Gas Prices Plummet as Canadians Hunker Down Over COVID-19 Concerns

One effect of the COVID-19 virus sweeping the globe is that oil and gas prices are continuing to plummet nationwide. Lower demand across the world along with increased production from one of the world's largest producers has cut world oil prices in half in just a few weeks. Canadian oil is now selling for just US$15 per barrel. While you're likely staying at home too, we're looking at the effect of fuel prices across Canada.

Average gas prices in Canada have plummeted from $1.12/L at the end of February to just $0.91/L as of last night, as Canadians reduce travel, work from home, and avoid crowds, but the situation is changing quickly and not everyone is seeing the full extent of the discount. This is the lowest average price for gas Canada has seen since a brief dip in early 2016, and it looks like the price could fall under that bar soon.

Provinces with regulated gas pricing are seeing some of the largest price drops, along with some of the country's biggest cities. Quebec, which sets a price floor and not a ceiling, has dropped the minimum price to as low as 86.9¢/L depending on the region, and at 94.3¢/L for Montreal. That's down from $1.114/L and $1.181/L just a few weeks ago. Note that those are minimums, so you may need to shop around to find those prices at your local station.

Prince Edward Island lowered prices late last week, giving them a selling range from 94.8 to 95.9¢/L, down from $1.156/L a month ago. New Brunswick's maximum price is now $1.015/L, down from $1.205/L a month ago. The maximum price in Newfoundland and Labrador is now as low as $1.002/L, with more remote regions as high as $1.169. That price is down 26.5c/L since March 5.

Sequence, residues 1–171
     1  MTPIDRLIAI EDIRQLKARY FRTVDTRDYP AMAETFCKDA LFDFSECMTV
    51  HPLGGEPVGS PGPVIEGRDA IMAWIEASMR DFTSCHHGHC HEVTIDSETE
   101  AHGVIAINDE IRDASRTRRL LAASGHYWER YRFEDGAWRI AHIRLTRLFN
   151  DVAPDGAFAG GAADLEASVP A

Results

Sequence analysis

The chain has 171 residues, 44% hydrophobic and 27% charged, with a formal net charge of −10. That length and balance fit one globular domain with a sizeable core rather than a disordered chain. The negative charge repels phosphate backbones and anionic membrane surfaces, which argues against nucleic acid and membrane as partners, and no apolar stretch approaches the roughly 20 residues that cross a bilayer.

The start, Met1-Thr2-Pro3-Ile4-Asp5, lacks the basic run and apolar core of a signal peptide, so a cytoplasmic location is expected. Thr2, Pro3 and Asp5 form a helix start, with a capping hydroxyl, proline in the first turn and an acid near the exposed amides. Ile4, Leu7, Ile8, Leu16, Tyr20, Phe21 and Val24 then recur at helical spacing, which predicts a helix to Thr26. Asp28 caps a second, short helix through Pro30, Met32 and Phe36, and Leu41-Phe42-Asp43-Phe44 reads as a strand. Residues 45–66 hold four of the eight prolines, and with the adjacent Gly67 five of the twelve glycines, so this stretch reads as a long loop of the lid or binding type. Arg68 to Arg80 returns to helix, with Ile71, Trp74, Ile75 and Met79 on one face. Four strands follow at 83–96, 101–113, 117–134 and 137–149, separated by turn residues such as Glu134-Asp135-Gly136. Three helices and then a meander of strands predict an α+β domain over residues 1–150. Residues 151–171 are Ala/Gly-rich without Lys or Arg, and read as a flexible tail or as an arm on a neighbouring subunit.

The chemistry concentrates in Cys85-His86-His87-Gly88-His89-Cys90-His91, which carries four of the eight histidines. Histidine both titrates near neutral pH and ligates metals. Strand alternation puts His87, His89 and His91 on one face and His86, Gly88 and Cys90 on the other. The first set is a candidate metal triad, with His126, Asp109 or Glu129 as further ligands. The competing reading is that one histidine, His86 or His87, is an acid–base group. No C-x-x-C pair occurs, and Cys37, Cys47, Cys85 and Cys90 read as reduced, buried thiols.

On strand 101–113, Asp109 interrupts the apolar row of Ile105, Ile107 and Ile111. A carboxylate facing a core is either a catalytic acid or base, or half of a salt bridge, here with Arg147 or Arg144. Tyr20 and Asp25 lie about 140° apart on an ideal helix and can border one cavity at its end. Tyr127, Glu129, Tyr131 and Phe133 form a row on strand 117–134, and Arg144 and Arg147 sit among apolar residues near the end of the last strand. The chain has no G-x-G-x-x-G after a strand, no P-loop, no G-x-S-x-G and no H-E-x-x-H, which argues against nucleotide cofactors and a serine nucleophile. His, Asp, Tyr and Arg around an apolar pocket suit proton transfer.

One of the biggest drops so far, though, is in Nova Scotia, where prices dipped below 80¢/L this morning for the first time in more than a decade. The new minimum regulated price in Halifax was 79.4¢/L with a maximum of 81.6. That's down from $1.110/L just a month ago, a drop of just over 30¢/L.

Prices in B.C. are falling as well, dropping to as low as $1.099/L in some parts of Vancouver, which according to Gasbuddy.com charts is a drop of 30¢/L as well. That same site puts the average for all of B.C. down from around $1.27/L a month ago to $1.16/L today. In Alberta, prices in Edmonton and Calgary are some of the lowest in the country, with stations selling for around 76¢/L with a provincial average around 88¢/L, all down from about $1/L a month ago. Manitoba prices are down from close to $1.10 to the 90¢/L mark, and Saskatchewan's are flatter, dropping from around $1.07 to 95¢/L.

In Ontario, the average price of regular has dropped around 20¢/L to 86¢/L province-wide. Toronto stations are selling for an average of approximately 83¢/L and while Ottawa dipped below 78¢/L, their prices have climbed back above. The Ontario average, as well as both of those cities, shows an increase in gas prices over the last few days. More rural areas, like Thunder Bay, are still looking at prices in the $1.17/L range, but this is still a drop from a month ago. Note that in the provinces west of Quebec, because gas isn't regulated we've used the averages reported by Gasbuddy.com, and your local stations could be selling for more or less. In the Territories, fuel prices can vary significantly based on the community, but prices in major centres have also fallen, with prices in the $1.10-1.20/L range reported.

As economies across the globe return to normal over the next weeks and months, don't expect these low prices to last. But for now, socially distancing yourself with a nice drive in the country sounds like a great idea. Just remember to wash your hands after handling the pumps.

 

Gas is cheap, for now 3/17/2020 12:26:27 PM